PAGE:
Blog # 6 A Heartfelt Farewell
"Henry IV part two is the perfect show to go out on. There is a sense in part two of a paradigm shift in the world. A sadness hangs over the play. It is a unique Shakespeare play in that he peopled it with an old Henry, an old Falstaff, an old Northumberland, Shallow and Silence. "
In blogging there are no safeguards against self-indulgence.This blog, #5, is me turgidly purging my mind of many hoarded thoughts, so that next week’s blog # 6, the final blog, will be free of random ramblings.I can then sleekly say how my time here at the Utah Shakespeare Festival has been a sublime, once in a lifetime moment.Till then, read on Macduff, at your own risk.
11 times inside the belly of the behemoth. And like Shakespeare I’ll coin a new word: Anthroportrayology; the study of Falstaff by performing him. Here are clumsy, random and oddball observations I’ve made of the Fat Knight being the Fat Knight.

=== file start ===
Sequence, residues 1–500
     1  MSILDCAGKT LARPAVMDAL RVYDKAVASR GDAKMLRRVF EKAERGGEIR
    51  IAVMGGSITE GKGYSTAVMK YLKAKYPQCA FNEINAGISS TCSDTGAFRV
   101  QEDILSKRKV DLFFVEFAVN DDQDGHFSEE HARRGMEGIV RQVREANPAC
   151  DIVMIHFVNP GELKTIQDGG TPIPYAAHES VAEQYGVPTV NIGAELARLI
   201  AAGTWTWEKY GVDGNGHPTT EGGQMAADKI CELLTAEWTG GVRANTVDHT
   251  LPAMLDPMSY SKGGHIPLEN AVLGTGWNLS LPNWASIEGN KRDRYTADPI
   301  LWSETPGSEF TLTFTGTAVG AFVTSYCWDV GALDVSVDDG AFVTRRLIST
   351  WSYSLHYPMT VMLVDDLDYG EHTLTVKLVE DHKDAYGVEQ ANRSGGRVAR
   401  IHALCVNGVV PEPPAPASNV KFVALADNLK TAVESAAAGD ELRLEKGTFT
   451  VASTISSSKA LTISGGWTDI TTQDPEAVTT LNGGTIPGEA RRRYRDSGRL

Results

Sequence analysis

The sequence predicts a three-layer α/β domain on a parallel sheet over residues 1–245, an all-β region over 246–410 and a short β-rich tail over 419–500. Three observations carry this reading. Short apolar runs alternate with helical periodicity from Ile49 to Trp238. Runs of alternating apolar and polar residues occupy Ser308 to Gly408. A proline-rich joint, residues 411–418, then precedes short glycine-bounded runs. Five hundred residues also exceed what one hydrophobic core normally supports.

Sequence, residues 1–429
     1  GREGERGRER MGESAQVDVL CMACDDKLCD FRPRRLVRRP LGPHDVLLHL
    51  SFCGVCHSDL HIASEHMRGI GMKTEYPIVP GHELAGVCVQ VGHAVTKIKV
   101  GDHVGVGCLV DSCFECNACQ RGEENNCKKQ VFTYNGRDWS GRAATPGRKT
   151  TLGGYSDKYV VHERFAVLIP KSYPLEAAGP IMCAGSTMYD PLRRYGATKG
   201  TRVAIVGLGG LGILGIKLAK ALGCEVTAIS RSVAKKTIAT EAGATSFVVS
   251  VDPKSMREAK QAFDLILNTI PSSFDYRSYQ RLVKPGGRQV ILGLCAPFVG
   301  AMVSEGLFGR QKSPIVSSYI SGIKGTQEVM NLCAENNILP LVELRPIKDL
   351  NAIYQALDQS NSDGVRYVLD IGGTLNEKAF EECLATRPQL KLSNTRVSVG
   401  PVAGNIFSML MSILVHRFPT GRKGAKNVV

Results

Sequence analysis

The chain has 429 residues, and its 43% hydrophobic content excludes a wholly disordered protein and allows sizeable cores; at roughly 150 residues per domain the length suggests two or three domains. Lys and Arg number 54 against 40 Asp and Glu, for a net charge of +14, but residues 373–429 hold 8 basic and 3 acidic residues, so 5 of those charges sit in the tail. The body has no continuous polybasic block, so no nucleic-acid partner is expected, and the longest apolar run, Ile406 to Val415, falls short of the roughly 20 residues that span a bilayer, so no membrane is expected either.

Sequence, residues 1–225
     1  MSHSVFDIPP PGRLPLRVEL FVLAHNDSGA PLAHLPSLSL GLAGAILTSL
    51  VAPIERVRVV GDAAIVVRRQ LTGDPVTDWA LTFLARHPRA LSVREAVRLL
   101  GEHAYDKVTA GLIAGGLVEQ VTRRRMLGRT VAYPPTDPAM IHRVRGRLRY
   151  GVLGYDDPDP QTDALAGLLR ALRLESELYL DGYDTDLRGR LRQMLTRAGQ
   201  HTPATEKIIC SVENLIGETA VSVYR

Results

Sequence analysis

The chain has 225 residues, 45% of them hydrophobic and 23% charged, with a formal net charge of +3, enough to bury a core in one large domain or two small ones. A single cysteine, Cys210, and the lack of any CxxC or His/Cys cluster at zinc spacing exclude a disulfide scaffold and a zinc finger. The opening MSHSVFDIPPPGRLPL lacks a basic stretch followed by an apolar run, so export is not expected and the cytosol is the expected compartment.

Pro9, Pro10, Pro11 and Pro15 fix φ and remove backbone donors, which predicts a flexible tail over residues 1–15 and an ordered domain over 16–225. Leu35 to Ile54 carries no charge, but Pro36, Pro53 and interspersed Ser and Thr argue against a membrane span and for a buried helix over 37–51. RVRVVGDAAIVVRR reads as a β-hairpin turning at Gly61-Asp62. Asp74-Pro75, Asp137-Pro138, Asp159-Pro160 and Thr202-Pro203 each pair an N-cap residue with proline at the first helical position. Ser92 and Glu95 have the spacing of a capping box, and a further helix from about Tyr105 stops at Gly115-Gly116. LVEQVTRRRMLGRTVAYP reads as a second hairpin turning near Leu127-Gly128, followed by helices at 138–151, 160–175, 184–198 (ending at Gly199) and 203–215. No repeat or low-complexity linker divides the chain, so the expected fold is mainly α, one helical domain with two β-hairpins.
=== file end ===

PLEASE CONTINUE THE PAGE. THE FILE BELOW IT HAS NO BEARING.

According to actor John Ahlin, "Shakespeare has created astonishingly insightful pieces of life and invented very human humans. It is an honor to enact them, and hopefully the audience will see real humans, dealing in human things, and laugh or cry or be amazed by what we all share; life."
John Ahlin is back giving us an insiders glimpse into the life of an actor. Today's entry focuses on rehearsals and how plays are put together. "Rehearsal’s first day is festive and nerve-wracking. The whole cast will sit around a big table and, after seeing how the play will look from a Vision of Designers, we read the play, aloud."
Our actor playing Falstaff this year, John Ahlin, will be a guest writer for us. Over the summer he'll be sharing some of the insights and discoveries on being with the Festival and putting on the shows, from his own personal point of view.
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